There is also a clear gap in the law when it comes to women’s rights, one of the reasons why most are reluctant to come forward to file complaints with the police after being abused.

Another report from 2011 by the United Nations Development Programme (UNDP) states that although Palestinian Basic Law does recognise the protocol for human rights, certain aspects of the law do not meet international standards when it comes to protecting women.

Marital rape is not a criminal offence, there are no procedures in place to deal with sexual abuse cases and alarmingly, perpetrators of honour related killings can be exempt from prosecution. Similarly an age-old law prevents those accused of honour related crimes from being tried as they can easily use the defence that they acted in a “state of rage.”

“The government needs to play a massive role in this as well where non-religious laws will be implemented and people will no longer be prosecuted according to tribal and social rules,” Samar insisted.

“A woman's reputation and body are the two most holy things she has. If she is touched, be it physically or socially then society tends to exclude these women. No one will marry his son off to a girl that has been raped or to a girl that has a bad reputation and this way of thinking still continues today.”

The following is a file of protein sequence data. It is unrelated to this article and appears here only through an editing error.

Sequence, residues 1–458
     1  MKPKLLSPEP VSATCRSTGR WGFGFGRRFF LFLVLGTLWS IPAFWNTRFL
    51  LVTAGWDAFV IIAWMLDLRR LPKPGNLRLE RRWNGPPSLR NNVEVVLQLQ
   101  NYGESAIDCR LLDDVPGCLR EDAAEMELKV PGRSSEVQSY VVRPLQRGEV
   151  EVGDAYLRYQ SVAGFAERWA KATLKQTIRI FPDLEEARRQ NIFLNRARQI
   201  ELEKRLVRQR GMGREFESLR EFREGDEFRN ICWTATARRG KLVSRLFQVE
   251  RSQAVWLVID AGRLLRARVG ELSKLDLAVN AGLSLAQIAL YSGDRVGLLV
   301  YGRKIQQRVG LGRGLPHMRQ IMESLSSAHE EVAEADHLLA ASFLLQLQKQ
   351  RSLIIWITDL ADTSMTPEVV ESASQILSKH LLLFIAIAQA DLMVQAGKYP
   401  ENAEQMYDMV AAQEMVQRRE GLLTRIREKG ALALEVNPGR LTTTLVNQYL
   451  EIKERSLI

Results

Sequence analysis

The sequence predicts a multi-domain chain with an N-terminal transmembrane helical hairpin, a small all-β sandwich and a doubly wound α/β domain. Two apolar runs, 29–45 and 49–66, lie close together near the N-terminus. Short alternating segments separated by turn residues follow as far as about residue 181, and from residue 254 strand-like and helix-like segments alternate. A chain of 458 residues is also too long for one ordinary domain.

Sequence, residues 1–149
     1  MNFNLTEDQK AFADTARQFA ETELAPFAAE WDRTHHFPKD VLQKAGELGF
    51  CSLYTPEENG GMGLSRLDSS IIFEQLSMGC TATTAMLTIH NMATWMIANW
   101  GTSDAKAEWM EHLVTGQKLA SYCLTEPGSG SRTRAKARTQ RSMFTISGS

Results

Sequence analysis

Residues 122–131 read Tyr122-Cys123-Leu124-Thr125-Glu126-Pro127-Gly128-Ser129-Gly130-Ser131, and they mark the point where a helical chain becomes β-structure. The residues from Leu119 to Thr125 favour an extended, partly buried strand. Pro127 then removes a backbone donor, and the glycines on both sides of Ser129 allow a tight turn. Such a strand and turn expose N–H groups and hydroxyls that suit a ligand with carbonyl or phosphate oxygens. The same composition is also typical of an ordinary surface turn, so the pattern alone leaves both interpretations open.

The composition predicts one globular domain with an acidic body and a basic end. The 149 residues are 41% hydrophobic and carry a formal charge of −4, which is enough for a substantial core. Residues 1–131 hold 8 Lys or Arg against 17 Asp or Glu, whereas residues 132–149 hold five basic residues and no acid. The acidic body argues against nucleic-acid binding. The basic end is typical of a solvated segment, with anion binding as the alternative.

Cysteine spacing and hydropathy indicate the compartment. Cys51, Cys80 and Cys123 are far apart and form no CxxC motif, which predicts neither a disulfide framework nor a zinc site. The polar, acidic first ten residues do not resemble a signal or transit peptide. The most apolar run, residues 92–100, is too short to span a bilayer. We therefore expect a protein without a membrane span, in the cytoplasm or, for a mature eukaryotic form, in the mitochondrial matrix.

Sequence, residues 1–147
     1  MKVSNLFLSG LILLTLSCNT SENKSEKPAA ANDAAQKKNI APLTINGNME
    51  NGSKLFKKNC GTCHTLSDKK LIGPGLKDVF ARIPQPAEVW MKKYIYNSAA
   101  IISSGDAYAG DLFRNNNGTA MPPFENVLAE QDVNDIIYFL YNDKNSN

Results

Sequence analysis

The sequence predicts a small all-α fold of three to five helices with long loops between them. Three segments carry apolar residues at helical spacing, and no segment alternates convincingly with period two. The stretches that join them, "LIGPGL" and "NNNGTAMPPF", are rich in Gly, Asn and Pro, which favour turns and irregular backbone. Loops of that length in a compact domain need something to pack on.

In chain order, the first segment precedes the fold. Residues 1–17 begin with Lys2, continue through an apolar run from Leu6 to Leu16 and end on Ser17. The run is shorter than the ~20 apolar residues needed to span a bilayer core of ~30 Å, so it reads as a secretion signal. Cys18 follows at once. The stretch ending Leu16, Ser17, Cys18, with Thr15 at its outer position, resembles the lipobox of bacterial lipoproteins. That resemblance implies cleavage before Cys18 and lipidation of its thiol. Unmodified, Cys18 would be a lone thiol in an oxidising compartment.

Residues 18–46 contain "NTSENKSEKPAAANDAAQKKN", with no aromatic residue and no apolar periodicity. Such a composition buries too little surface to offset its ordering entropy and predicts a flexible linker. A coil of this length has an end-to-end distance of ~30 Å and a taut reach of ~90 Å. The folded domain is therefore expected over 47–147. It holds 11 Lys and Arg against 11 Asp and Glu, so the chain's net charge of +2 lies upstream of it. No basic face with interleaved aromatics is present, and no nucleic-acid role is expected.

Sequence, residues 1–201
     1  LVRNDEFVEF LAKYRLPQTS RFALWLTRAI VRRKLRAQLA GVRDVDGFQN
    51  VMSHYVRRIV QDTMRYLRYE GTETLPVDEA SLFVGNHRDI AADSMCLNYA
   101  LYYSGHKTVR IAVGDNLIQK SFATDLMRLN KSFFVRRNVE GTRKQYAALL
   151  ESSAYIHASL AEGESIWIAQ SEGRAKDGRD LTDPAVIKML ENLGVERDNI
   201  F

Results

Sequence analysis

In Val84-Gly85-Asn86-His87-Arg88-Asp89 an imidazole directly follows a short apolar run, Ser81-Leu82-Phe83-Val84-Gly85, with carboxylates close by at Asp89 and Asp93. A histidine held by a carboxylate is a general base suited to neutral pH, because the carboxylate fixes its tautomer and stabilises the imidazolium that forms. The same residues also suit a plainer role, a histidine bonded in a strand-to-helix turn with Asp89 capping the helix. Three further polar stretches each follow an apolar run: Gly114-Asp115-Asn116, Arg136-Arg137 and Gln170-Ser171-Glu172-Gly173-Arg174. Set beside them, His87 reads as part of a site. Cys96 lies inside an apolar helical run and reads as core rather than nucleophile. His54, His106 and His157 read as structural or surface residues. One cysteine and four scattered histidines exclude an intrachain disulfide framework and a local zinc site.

Samar firmly believes that education is the way forward to help combat these issues. But again, this proves difficult when there is severe restriction of movement imposed by Israeli authorities.

“It would've been easier for women to achieve more if there was no occupation as women farmers are not able to go to their land,” she said.

“Many girls are not able to study because the way to university or college is either dangerous or obstructed by checkpoints where they can spend half a day queuing and the choice of living in a different city in order to get a degree is not an option for the majority of women because costs of commuting and dorms can be unaffordable.

“On the other hand, the sanctions and bans imposed on Palestinians ruin the Palestinian economy and thus make it harder for women to get a job or earn a decent living.”

The overall response to Hush was positive although there was criticism. Some felt the documentary projected Palestinian culture in a negative way, while giving fuel to right wing groups to brand Arabs as orientalist tribes people with close minded attitudes.

“The majority of people supported me and understood the importance of this project but I also received some criticism for talking about the subject,” Samar said.

“According to my critics, I am not doing the Palestinian people a favor but instead I'm focusing on the negative side of the Palestinian society.

“But, we need to learn how to deal with our negative side. Women in Palestine make up more than half of the population, they need to be empowered for obvious reasons.”

+ For more info about Samar Hazboun's work, please check out her website here.

Zab Mustefa
Zab is a freelance journalist who has written for AFP and Gulf News among others. She currently runs a blog with The Express Tribune and specialises in women's rights and youth culture.
blog comments powered by Disqus